When man and woman first began to people the earth, they were guided by stars and events in the sky. They didn't even have language. How frightening to see the moon or sun turn black, without even words to express themselves. Was the world ending? Were they being punished for something they did or didn't do?
Last night, as we sat with our neighbors on the edge of another's driveway, watching the moon go from red to black, chattering like monkeys, I thought of that as the sky turned dark, then darker, as the black moon rose in the sky. The grown ups went silent first, followed by the kids, then even the nearby traffic noise stopped. The awe was palpable, not even broken when a plane, just a tiny blinking light, flew directly across the inky moon.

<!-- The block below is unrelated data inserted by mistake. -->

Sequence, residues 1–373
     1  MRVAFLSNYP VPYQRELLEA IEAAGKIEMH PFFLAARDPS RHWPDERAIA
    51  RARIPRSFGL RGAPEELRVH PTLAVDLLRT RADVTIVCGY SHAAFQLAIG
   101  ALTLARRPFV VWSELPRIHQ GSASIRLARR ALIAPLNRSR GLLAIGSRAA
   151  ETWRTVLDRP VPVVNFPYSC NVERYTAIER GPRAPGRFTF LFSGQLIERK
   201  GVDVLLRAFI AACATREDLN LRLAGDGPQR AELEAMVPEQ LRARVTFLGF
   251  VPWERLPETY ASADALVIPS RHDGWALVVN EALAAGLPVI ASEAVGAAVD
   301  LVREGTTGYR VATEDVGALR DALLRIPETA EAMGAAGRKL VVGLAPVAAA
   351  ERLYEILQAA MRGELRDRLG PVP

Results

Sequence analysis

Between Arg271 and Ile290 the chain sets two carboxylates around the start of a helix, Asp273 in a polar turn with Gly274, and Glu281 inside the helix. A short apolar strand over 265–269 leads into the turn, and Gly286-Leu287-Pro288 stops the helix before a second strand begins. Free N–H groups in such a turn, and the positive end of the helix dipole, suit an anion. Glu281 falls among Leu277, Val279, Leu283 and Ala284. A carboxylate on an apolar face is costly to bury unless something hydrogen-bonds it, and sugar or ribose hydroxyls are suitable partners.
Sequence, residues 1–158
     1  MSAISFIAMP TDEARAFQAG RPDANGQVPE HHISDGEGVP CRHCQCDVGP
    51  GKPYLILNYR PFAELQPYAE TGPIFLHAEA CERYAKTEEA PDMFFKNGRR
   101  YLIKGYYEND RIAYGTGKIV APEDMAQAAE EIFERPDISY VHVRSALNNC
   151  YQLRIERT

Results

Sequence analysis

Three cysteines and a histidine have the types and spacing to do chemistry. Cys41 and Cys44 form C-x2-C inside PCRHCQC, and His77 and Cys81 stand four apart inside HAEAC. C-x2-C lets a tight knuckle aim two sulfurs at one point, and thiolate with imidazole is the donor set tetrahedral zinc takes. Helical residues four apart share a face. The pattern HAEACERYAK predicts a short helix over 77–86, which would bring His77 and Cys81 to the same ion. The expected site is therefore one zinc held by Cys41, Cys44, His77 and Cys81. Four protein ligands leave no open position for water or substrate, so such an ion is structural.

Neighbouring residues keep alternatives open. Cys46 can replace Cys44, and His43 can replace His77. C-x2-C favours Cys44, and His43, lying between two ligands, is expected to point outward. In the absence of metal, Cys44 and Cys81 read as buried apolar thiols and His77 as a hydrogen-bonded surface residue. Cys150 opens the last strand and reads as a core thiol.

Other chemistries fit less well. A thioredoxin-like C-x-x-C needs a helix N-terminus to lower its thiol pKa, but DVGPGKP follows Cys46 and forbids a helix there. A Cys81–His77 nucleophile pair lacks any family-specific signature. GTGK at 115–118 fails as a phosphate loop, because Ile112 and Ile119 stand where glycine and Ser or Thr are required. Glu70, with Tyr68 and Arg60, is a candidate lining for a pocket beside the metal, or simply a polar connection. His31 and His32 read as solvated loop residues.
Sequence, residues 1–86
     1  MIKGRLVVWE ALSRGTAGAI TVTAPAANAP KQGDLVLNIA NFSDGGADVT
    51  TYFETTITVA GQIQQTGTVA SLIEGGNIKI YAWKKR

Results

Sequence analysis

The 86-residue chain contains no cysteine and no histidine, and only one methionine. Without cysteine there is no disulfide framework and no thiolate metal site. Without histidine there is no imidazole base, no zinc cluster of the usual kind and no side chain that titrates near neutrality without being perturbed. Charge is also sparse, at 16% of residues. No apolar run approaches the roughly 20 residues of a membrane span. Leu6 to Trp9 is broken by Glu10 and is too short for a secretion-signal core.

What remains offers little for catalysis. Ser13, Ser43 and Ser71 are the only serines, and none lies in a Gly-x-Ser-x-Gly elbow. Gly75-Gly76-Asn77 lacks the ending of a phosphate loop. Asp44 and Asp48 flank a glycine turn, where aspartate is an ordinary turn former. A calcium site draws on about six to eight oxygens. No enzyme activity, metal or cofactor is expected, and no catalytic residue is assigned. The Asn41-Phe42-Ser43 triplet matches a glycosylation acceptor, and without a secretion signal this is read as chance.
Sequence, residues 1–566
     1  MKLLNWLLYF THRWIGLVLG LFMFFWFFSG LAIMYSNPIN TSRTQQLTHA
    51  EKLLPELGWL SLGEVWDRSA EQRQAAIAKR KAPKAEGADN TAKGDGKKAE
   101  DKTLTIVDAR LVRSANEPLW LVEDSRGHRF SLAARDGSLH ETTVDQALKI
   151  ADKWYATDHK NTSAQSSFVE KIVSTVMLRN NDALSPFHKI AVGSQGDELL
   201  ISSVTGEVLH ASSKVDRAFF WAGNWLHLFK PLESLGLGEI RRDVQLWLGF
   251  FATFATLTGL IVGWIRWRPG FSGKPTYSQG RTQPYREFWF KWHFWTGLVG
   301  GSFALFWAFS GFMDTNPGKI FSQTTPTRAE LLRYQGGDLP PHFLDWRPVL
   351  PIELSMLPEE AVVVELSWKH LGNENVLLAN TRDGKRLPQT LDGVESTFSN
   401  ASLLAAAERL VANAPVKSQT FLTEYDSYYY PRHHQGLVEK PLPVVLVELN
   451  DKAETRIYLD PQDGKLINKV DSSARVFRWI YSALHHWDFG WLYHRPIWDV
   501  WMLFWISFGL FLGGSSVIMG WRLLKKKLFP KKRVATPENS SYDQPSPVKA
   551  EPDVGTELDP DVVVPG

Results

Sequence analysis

Watching the magnificent lunar eclipse last night, and then waking this morning to see the full moon, no longer dark, but shrouded by fog, cradled in the crotch of my neighbors giant, bare tree (it would be so poetic if I could identify it by name, but I can't), I couldn't help but marvel at how lucky we are to be here.
To be witness to it, and to know what it is. To be grateful, even, for what it isn't.
A Pair of Watermelon Salads
6 days ago